You don’t want to get caught dumpster diving in an area where you’re not supposed to be.
Thrift shops that don’t donate any of their proceeds to charity tend to be heartless money machines.
Most of the time, what we donate ends up in the dumpster because local big-box thrift stores don’t have the staff or space to deal with it.
This is sad, but it’s intriguing to dumpster divers.
The good news is that these thrift store dumpsters aren’t usually locked or chained.
Anyone can have dibs on what they throw out!
Most people don’t consider the possibility of salvaging valuable devices from the trash.
In reality, this is where you will find plenty of shiny new gadgets just begging to be brought home.
Whether or not you are interested in tech, stores like Best Buy and neighborhood cell phone providers are good spots to dumpster dive for electronics.
They frequently dispose of unopened electronic devices like smartphones, tablets, and laptops.
You should probably check their dumpsters once every two weeks.
It won’t take long for other divers to take the good stuff.
Most furniture stores now offer damaged items at a discount.
However, some still throw away these items because they’d rather not have these pieces take up space.
You can find high-priced items here, like lamps, recliners, cabinets, and desks.
You need to know which furniture stores carry high-quality goods.
Of course, most of what you’ll find will somehow be damaged.
Nothing that few quick repairs can’t remedy.
If you fancy a furniture flipper, these are the best spots!
Unpaid storage units are often auctioned off, but the contents are often tossed out if the teams aren’t especially big or exciting looking.
This also happens when a tenant is relocating out of state and has no intention of taking any of their belongings with them.
The dumpsters at most storage facilities are hidden behind a fence to prevent unauthorized dumping.
But if you search carefully, you may be able to locate a few that are accessible to the public.
Another option is to follow a vehicle into the property.
We all know how the adage goes: one man’s trash is another man’s treasure.
We’re more likely to say that with rich people’s trash.
That’s why an affluent neighborhood is an excellent area to dumpster dive.
Those who can afford it will toss out perfect items because they don’t have space or want the “next new thing.”
Who knows what you might find in swanky spots?
I suggest getting there early, preferably before 7 a.m.
This increases your odds of finding the good stuff before other divers get their hands on them.
You also want to avoid rummaging through recyclable items households turn in for money.
Many might view this as stealing, and it won’t end well if someone spots you.
Tips For Maximizing Your Dumpster Diving Profits
If you think dumpster diving for profit is something you might take up, then dress for the job!
It would be best to always have some things on you for your protection, hygiene, and convenience.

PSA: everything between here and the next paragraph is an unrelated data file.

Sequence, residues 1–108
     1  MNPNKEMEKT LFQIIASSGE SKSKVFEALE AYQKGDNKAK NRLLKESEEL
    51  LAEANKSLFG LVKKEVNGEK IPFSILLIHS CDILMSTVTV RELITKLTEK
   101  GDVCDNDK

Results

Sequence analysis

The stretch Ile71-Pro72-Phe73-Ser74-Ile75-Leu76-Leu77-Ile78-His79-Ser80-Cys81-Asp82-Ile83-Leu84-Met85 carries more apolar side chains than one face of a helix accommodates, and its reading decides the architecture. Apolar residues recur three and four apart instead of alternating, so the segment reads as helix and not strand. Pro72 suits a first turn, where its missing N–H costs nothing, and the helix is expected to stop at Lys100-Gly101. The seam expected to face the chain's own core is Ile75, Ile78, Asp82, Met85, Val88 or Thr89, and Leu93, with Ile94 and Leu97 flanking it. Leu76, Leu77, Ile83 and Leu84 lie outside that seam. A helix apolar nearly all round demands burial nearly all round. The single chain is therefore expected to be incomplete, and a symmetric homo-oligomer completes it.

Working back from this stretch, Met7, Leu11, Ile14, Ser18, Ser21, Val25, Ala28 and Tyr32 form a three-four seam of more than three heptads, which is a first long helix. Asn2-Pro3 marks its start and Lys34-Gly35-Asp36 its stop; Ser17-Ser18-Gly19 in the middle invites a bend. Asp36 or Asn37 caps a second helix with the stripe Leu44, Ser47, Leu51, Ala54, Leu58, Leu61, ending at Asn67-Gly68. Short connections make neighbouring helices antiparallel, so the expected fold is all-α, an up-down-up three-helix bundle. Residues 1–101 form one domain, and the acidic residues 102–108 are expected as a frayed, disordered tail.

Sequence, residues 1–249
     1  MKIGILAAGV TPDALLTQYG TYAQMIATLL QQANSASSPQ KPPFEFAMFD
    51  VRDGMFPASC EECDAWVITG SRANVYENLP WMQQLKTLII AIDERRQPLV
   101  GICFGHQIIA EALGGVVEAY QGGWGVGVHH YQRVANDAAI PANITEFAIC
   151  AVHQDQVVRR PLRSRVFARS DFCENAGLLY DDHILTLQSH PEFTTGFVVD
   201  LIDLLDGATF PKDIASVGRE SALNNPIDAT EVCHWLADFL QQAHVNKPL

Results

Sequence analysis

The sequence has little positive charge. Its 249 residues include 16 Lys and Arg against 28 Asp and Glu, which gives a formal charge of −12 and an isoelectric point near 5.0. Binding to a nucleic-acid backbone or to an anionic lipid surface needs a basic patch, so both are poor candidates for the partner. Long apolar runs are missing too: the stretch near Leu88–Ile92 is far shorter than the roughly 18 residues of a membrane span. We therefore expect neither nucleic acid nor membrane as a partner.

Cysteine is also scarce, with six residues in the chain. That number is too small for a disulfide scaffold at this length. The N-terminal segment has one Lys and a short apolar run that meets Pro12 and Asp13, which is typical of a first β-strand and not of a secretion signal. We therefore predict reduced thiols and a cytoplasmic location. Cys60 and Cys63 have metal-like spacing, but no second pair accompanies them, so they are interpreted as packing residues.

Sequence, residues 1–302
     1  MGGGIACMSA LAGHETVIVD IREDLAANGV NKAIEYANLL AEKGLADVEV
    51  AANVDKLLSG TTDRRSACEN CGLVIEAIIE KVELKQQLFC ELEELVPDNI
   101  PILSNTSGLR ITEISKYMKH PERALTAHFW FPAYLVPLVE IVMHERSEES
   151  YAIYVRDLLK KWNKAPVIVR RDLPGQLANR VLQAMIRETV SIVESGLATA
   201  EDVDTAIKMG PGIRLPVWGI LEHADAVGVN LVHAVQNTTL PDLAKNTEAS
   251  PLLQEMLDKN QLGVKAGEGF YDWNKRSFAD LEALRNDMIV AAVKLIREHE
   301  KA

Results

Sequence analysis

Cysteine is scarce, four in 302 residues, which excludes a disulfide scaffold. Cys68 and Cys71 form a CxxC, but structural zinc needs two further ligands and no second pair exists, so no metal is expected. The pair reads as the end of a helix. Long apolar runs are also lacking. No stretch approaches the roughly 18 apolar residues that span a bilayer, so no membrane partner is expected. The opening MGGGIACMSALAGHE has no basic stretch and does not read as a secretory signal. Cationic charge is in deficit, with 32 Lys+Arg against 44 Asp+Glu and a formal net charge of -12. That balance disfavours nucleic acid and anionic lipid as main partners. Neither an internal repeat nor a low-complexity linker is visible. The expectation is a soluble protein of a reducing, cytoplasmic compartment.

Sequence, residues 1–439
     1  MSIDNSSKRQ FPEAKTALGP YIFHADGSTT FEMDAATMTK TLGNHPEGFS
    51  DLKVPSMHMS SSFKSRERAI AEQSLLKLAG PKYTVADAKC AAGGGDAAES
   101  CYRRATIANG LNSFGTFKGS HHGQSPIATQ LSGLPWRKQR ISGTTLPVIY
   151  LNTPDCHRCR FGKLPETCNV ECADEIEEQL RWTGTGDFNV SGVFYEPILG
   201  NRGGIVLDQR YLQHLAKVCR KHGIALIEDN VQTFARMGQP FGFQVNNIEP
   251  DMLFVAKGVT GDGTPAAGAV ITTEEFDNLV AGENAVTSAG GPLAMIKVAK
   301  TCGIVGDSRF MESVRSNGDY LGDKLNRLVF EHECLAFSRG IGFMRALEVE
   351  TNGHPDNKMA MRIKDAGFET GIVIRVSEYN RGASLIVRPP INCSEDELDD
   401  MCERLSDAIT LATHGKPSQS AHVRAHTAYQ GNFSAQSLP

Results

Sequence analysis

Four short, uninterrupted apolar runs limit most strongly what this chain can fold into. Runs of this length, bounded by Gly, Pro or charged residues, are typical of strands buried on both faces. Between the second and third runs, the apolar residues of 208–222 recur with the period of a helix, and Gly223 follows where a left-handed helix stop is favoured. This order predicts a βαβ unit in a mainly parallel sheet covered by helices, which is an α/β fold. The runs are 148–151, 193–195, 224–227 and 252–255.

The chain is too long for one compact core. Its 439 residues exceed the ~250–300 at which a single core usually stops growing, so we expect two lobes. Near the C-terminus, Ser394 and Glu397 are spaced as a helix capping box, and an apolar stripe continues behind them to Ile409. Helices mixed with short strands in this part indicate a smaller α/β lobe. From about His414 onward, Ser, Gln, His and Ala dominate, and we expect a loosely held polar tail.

Remember that you’re dealing with large trash bins, which may hold dangerous materials like glass, bits of metal, mold, grime, and sometimes even rodents.
You probably have most of this stuff already, but the following are some items you should wear or have on your person when you go diving:
- Clothing with full coverage (long sleeves and pants)
- Closed shoes or tall boots
- Cut-resistant gloves
- Flashlight or headlamp
- Box cutter or knife
- Grabber tool
- Large containers or thick garbage bags
- Dust mask
- Safety goggles
- Wipes, sanitizer, and rubbing alcohol
- Stepping stool, stepladder, or a small crate
Take care while you dumpster dive because you’re automatically a liability to business owners.
If you get hurt getting in or out of a dumpster or if a product you discover is defective and hurts you, you won’t have many options in the future.
Sure, you can approach a personal injury lawyer.
However, these cases can be a little murky as you knowingly put yourself at risk.
Regularly Do Your Rounds
Like thrift shopping, those who devote the most time to dumpster diving are rewarded with the best finds.
You need to check your prime locations daily to find valuable free items to offer for sale or keep.
You can save a lot of effort by learning the best times to dive at each location.
And keep in mind that even though a spot has been dry the last couple of times you visited, it doesn’t mean you’ll never find anything valuable there!
Be Discreet About Your Vehicle
People in the area may get suspicious if you use a car or park next to the dumpster while you rummage through trash.
Loading a vehicle with electronics, practically brand-new products, or recyclable items can give the impression that you are stealing.
Observant citizens might alert the authorities if they see this.
Pay Attention to Dumpster Locks and Signs
Signage can serve two purposes: warning divers and providing evidence that a business made reasonable safety measures to prevent injury.
The contents of that dumpster might also be off-limits because they’re hazardous to your health.
Anyone caught tampering with a dumpster lock faces penalties or jail time.
To avoid legal problems, don’t ignore signs indicating a company will pursue legal action against anyone caught messing with their garbage.
Join The Community
Swap tips with other freegans and earn positive karma by helping one another out.
The dumpster diving subreddit is an excellent way to make friends if you don’t already have any.
I hope this list of the best places to dumpster dive for profit has given you a game plan.
It shouldn’t be too hard for you to put together a list of particular stores in your area based on the categories of businesses I mentioned.
But before you go “foraging” in a dumpster, you should verify the local laws of your state, city, and town to ensure you won’t get in trouble.
Is dumpster diving legal?
Yes, but it is still generally frowned upon, so this hustle will need some planning.